IT takes a little bit of bravery to ride a bicycle on the road.
When you’re a child and learning to ride, you’re protected by legislation and able to ride on footpaths, but come your 12th birthday, it’s time to take on cars.
This comes with a number of challenges – road cyclists have to ensure they’re visible and can stop at a moment’s notice if a motorist still doesn’t see them.
After all, a motorist’s mistake may not hurt them because, unlike the cyclist, they have a cage of metal around them.
As a result, the cyclist is often in a position where they need to ensure they don’t put themselves in a position to become a victim to a frustrated or aggressive driver.
This is the one per cent of drivers who literally don’t care whether they hit a cyclist.
Two men on their bikes experienced this on the weekend in Moulder Street when a motorist almost hit them with their car and when challenged, threw a bottle of water at the pair.
There is a fair amount of road rage in Orange, in particular around roundabouts, and there is no excuse for it, but to physically target cyclists is something else.
It is true to say that cyclists are often not considered legitimate road users and many motorists are unaware of the road rules around cyclists.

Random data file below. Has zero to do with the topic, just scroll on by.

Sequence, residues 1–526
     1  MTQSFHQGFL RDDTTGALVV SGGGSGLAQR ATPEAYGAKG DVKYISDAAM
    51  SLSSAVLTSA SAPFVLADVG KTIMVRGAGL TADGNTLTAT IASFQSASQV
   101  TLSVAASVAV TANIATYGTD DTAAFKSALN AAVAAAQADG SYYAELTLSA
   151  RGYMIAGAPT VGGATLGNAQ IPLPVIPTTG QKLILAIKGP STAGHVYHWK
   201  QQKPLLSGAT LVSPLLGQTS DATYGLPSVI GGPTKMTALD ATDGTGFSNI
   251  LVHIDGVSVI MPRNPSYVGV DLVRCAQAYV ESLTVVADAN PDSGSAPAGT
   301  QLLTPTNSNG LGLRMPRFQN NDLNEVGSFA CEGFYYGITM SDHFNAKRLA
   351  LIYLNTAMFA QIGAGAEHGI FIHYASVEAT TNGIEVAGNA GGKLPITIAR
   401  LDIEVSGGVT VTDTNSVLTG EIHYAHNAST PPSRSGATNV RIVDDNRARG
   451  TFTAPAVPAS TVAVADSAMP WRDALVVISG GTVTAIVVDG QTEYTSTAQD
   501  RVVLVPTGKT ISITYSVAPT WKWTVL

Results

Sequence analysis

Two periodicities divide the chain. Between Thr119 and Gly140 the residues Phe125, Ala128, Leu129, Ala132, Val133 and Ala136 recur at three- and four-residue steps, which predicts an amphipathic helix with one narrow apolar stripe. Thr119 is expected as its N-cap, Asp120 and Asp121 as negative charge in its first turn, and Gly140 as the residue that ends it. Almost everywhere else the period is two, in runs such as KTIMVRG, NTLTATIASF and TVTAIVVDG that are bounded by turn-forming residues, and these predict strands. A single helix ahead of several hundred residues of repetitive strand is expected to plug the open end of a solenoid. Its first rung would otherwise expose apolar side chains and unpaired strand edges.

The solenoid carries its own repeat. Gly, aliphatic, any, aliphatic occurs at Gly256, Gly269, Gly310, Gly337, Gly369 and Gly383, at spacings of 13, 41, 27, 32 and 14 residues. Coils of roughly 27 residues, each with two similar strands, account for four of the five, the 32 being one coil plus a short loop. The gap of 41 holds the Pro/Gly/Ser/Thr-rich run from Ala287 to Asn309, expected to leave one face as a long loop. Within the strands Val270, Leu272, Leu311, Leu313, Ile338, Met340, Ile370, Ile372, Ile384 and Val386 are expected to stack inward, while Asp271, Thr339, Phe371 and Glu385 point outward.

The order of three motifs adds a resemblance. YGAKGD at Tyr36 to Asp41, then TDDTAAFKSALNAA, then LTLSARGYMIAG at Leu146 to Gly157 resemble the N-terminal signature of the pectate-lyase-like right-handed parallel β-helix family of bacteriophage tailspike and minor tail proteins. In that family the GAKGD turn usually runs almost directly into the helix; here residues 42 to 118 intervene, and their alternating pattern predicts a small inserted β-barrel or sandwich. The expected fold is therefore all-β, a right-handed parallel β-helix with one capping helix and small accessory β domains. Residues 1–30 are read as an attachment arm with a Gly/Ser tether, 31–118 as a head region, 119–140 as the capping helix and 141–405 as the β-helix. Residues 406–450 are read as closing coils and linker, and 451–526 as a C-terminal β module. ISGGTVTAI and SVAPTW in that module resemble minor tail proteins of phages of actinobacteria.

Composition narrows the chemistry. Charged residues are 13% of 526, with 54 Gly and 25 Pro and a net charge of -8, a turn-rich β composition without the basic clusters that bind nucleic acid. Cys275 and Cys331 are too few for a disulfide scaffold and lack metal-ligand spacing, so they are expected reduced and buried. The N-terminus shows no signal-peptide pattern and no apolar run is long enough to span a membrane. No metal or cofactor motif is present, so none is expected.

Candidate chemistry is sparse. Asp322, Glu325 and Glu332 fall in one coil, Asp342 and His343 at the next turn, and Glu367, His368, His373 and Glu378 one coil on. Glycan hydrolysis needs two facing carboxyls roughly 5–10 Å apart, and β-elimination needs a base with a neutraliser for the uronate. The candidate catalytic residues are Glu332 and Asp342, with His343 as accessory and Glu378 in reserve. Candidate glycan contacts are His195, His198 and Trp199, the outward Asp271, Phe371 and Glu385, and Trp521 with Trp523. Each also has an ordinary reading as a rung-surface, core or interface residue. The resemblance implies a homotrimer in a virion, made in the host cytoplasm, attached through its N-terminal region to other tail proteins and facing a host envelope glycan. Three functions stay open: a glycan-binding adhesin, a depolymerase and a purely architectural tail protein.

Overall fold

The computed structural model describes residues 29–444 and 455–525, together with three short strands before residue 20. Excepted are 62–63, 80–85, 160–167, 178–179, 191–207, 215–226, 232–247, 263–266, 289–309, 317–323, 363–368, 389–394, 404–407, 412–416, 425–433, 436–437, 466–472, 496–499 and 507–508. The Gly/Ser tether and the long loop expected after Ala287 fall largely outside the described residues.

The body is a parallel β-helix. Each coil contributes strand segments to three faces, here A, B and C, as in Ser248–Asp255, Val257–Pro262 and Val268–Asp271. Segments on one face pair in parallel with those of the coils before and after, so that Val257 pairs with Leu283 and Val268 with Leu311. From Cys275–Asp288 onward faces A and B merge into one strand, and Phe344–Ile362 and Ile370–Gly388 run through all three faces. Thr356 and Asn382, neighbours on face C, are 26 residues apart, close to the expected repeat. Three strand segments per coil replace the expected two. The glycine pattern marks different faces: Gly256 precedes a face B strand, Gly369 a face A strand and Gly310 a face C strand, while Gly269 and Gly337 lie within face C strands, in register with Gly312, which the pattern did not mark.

For instance, at a lefthand turn-only lane before a roundabout, cars must turn left, but bicycles can continue straight or even turn right.
Although it might annoy drivers on narrow roads, cyclists can travel two abreast provided they are no more than 1.5 metres apart.
Motorists must allow at least a metre when passing a cyclist slower than 60km/h and 1.5 metres at higher speeds.
But to help motorists do this without being stuck forever, they can cross double lines and painted medians to pass a cyclist where they weren’t allowed before.
By the same token, many of the fines previously issued to cyclists were $71, but they are now anywhere from $330 to $439.
So a cyclist caught running a red light or a pedestrian crossing or riding dangerously also faces a serious hit to the hip pocket for not using the road correctly.
Considering the dangers, it’s not surprising a petition is circulating to raise the age for riding on the footpath, but if all road users do so safely, there is no reason why the road can’t be safe for cyclists.